Up at 5AM: The 5AM Solutions Blog

Liquid Biopsies: The “Active Surveillance” of Diseases in Real Time

Posted on Tue, Jul 21, 2015 @ 02:30 PM

Last month, Brigham and Women’s Hospital and Harvard University unveiled VirScan, a diagnostic blood test that reveals more than 1000 different strains of viruses that are currently or which have previously afflicted individual patients. Given that VirScan costs about the same as traditional ELISA assays which only detect a limited number of pathogens one-at-a-time, this is a tremendous leap forward toward personalized medicine. Data gleaned from snapshots of patients’ past viral infections can give doctors clues about patients’ present health, and — perhaps — glimpses into the future.

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Tags: cancer, personalized medicine

How Compassionate is Compassionate Use?

Posted on Thu, Jul 02, 2015 @ 03:00 PM

My last post talked about off-label use of drugs, which is one way that patients can get access to drugs that are not officially approved for their condition. There’s another way this can happen, and it’s called compassionate use.

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Tags: clinical trials, map of biomedicine, compassionate use

Great Schools, Nice Parks, More Robust DNA

Posted on Tue, Jun 30, 2015 @ 03:00 PM

“Location, location, location” is the realtor’s mantra, and now, besides great schools, walkable streets and friendly neighbors, real estate agents may include “longevity” among the features trumpeted in their listings.

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Tags: genes

Should We, Maybe, Dial Back Personalized Medicine?

Posted on Thu, Jun 25, 2015 @ 03:00 PM

The short answer to our provocative headline is no. But two other recent headlines got us pondering the question. Yesterday, the New York Times, and on Monday, the Journal of the American Medical Association(JAMA) published, respectively,  a story and an opinion piece on the potential downsides to medicine that is aimed at specific genetic profiles.

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Tags: clinical trials, personalized medicine, genetic testing, precision medicine

GINA and the "Mystery of the Devious Defecators"

Posted on Tue, Jun 23, 2015 @ 03:00 PM

[A disclaimer: you probably won’t want to read this post while having lunch at your desk.]

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Tags: genetic testing, GINA

How to Get Drugs That Haven't Been Approved

Posted on Thu, Jun 18, 2015 @ 03:30 PM

The last two Map of Biomedicine blog posts have introduced us to the clinical trial process. Clinical trials are the gold standard for determining whether a drug works, and are extremely important to make sure that drugs are only used in situations when they are known to help.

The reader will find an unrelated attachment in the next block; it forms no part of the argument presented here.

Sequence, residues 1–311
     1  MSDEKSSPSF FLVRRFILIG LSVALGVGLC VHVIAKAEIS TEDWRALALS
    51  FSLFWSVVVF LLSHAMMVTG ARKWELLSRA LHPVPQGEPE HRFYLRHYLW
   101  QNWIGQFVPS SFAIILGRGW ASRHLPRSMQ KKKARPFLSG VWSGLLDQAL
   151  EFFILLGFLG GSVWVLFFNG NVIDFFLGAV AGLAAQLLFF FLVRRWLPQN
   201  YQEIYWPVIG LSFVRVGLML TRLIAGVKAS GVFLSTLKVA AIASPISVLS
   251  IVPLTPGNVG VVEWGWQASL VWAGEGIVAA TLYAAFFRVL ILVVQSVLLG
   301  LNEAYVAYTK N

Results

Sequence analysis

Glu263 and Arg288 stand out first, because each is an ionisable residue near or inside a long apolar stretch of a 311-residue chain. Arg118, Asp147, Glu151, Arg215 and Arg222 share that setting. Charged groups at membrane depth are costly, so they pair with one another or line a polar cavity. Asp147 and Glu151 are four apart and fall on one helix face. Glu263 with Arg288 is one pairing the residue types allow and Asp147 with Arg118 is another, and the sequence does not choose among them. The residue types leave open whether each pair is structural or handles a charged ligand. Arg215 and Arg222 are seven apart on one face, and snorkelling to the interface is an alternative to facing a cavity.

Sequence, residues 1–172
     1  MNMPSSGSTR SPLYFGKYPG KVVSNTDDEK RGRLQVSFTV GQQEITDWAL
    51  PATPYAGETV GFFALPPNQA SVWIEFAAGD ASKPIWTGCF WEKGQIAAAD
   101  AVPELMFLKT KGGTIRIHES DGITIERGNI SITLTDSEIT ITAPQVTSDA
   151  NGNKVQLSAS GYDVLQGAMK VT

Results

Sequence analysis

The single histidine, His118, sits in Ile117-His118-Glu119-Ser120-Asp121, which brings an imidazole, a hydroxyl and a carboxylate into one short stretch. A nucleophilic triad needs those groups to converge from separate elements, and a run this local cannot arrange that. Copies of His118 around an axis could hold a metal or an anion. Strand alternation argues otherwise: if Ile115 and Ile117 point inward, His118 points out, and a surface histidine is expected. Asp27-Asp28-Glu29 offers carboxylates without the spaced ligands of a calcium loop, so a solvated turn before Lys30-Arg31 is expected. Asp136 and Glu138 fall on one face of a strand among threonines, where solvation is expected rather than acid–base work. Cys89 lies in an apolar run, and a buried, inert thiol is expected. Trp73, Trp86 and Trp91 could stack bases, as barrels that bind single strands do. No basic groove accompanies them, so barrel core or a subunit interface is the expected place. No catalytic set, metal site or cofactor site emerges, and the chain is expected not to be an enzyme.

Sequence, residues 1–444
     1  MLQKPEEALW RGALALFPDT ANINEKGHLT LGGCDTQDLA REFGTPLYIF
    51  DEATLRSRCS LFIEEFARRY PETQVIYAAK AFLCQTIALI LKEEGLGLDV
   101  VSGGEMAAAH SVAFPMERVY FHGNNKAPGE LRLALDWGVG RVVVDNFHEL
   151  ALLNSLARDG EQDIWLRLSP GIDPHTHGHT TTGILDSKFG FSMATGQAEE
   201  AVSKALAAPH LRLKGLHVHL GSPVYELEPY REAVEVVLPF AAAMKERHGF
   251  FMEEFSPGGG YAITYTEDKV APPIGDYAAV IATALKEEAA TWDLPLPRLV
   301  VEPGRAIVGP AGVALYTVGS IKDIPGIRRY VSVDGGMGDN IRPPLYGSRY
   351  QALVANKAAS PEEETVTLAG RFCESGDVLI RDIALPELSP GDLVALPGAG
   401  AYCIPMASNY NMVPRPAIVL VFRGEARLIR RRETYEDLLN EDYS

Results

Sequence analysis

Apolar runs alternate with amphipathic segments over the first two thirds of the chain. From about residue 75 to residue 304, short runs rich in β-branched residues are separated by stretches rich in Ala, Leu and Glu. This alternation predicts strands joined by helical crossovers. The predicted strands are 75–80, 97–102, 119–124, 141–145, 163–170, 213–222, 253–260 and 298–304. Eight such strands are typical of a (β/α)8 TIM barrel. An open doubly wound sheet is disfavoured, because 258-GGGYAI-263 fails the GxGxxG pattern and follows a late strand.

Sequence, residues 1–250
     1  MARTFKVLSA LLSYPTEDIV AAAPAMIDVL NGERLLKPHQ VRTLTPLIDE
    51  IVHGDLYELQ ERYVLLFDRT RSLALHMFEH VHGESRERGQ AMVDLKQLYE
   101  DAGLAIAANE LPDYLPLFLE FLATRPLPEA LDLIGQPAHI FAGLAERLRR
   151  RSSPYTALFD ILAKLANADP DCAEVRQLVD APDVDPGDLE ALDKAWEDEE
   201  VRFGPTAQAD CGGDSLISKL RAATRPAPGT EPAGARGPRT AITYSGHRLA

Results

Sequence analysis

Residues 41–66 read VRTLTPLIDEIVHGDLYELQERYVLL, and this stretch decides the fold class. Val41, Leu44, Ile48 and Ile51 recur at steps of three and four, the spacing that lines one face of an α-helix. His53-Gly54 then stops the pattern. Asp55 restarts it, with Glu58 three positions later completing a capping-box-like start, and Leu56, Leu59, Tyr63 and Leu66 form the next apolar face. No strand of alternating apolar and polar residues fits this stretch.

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Tags: clinical trials, map of biomedicine, drugs, off label

Faster, Cheaper TB Diagnostics?

Posted on Tue, Jun 16, 2015 @ 04:02 PM

Yesterday evening, the Wall Street Journalreported on its website that researchers at the Texas A&M Health Science Center are closing in on faster, more accurate diagnostics for tuberculosis. The infectious disease usually attacks the lungs, but it can spread to other parts of the body -- extrapulmonary tuberculosis in those cases -- through the air from person to person. Although it is relatively rare in the U.S. it is not unheard of; tuberculosis (TB) made headlines when a woman with extensively drug resistant TB (XDR TB) was admitted to NIH.

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Tags: clinical trials, diagnostics

Personalized Medicine for Brain Tumor Diagnostics and Treatments

Posted on Thu, Jun 11, 2015 @ 03:00 PM

Although researchers can’t quite toss out their microscopes, two new studies reported in the New England Journal of Medicine show that variations in brain tumors’ genomics can be used to determine the best course of treatment for patients with certain kinds of tumors. For the most part, doctors have analyzed tissue samples to categorize and predict tumors’ potential trajectories. The papers’ authors show that genome scans of patients’ tumors remove several degrees of subjective analysis leading to more accurate diagnostics and earlier, better treatments.

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Tags: personalized medicine, diagnostics

Survey Says: Patients Want their Own Genomic Data

Posted on Tue, Jun 09, 2015 @ 03:00 PM

We suspected this all along: people want to be engaged with their own healthcare. Our suspicions were confirmed by researchers in the U.S. in a study published in the European Journal of Human Genetics, as well as by researchers in the U.K. via survey results presented at the annual meeting of the European Society of Human Genetics.

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Tags: personalized medicine, Genomics, genomic data

Destination Healthcare

Posted on Thu, Jun 04, 2015 @ 02:08 PM

Fast Company has reported the Rochester, Minnesota is on track to embark on a 20-year, $6.5 billion makeover. The impetus for the major renovation is to transform the small city best known as the home of the Mayo Clinic into a major player in the global medical tourism industry.

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Tags: innovation, healthcare, biotech, health business, medical tourism


Diagnostic Tests on the Map of Biomedicine


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